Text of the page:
Polar Photography – Dealing With The Challenges
As adventurers, we tend to seek unusual travel destinations. We need to satisfy an insatiable appetite for discovering remote parts of the world. Inevitably, these isolated destinations come with extreme conditions – rugged landscape, unpredictable wildlife, inhospitable environments and harsh weather. Yet the wilderness calls us. And, we answer.
Fortunately, thanks to advances in digital photography, it’s never been easier to document such adventures. Even tiny cameras can produce high-quality images with just the push of a button.
But, extreme conditions come with challenges. Polar regions in particular will test the limits of any modern electronic gadget. Beware of ice, snow, wind, salt, moisture and extreme light.
Here are a few simple recommendations:
1) Cold temperatures eat battery power. Battery life is much shorter in the cold. Keep spare batteries handy – ALWAYS! If possible, keep them warm in a pocket close to your body. When you replace batteries, return the used ones to your warm pocket. There may still be some juice there.
2) Keep things dry / protect your equipment. I use a large, padded, weather-resistant backpack with an additional rain-cover that folds out from the lining. I sometimes also use a solid waterproof Pelican Case. There’s a lot of protective gear available on the market. Search for the right products that match your needs and equipment. At the very least, carry a large plastic garbage bag or heavy-duty zip-lock bag. It will keep your equipment dry for short periods, or during less severe situations.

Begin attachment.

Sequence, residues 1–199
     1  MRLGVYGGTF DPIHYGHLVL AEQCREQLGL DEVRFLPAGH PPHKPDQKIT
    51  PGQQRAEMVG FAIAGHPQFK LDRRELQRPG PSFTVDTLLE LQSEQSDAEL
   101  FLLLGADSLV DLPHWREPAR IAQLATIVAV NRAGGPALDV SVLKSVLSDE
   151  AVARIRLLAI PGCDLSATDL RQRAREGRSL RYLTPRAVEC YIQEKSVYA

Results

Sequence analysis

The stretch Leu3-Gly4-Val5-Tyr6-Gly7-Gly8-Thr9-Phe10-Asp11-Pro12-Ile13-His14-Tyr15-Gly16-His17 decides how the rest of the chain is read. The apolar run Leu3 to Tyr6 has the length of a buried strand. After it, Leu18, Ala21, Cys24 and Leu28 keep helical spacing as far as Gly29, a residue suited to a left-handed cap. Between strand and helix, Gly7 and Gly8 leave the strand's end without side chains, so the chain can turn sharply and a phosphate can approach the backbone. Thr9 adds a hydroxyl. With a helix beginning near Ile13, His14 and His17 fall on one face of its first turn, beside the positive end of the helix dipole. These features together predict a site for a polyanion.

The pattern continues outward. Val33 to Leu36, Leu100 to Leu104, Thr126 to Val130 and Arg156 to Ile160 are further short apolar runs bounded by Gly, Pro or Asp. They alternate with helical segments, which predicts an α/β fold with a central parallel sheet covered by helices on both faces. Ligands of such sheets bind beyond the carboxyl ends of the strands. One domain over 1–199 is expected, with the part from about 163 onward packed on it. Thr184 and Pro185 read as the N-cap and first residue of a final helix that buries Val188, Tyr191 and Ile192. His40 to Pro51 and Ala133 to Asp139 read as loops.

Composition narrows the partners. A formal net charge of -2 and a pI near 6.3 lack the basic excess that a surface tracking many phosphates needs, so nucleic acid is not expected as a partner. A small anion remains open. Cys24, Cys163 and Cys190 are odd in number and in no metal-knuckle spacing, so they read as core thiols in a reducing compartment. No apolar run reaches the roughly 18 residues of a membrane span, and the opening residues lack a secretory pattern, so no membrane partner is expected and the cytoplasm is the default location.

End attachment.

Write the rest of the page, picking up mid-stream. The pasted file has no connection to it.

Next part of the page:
3) Watch your exposure, especially with black or white subjects – both ends of the visible colour spectrum. In Polar Regions, you can expect a lot of highly reflective snow cover. Camera meters are calibrated to read mid-range colours, and have trouble dealing with extremes like snow scenes. Black & White subjects, like an Adelie Penguin or Thick-billed Murre, can pose severe exposure challenges. I deal with exposure issues later, while viewing my images on a computer. I fix imperfections with a photo editor like Photoshop, Elements or Nikon Capture. However, learning to use the editors takes time. Fortunately with digital cameras, we have the advantage of reviewing the image immediately after exposure. Look at your results right away, and compensate your exposure with your camera’s exposure controls. Try using several different exposure settings (bracketing), take lots of pictures, and review your results as you go. At least one of the images is bound to work. Many new digital cameras have auto-braketing functions.
4) Bring two of everything. You never know when something will fail, break, or even disappear. Although doubling your camera inventory isn’t always practical, if you have the capacity, it might save you in time of need. I always travel with two cameras, and several lenses. But, even a little compact camera will work as a spare. It may not replace your DSLR. But, it’s better than nothing if your good camera expires.
5) Memorize your owner’s manual. At least, bring your manual with you when you travel. Most digital cameras have a myriad of functions and features. Your manual will familiarize you with them. It should also inform you how to deal with extremes such as snow and cold.
6) Take lots of pictures. Bring plenty of memory cards. And, don’t ever hesitate to press the shutter release. You can always delete the bad pics if necessary.
You’re about to travel on the trip of a lifetime, a place where few have dared to venture. Be prepared, and you’ll capture all the beauty, drama and joy to share later with the world.
Polar Bear – another tricky exposure challenge
The immaculate beauty of our vast polar regions are waiting to be discovered
Humpback Whales from the Zodiac – be prepared to capture the excitement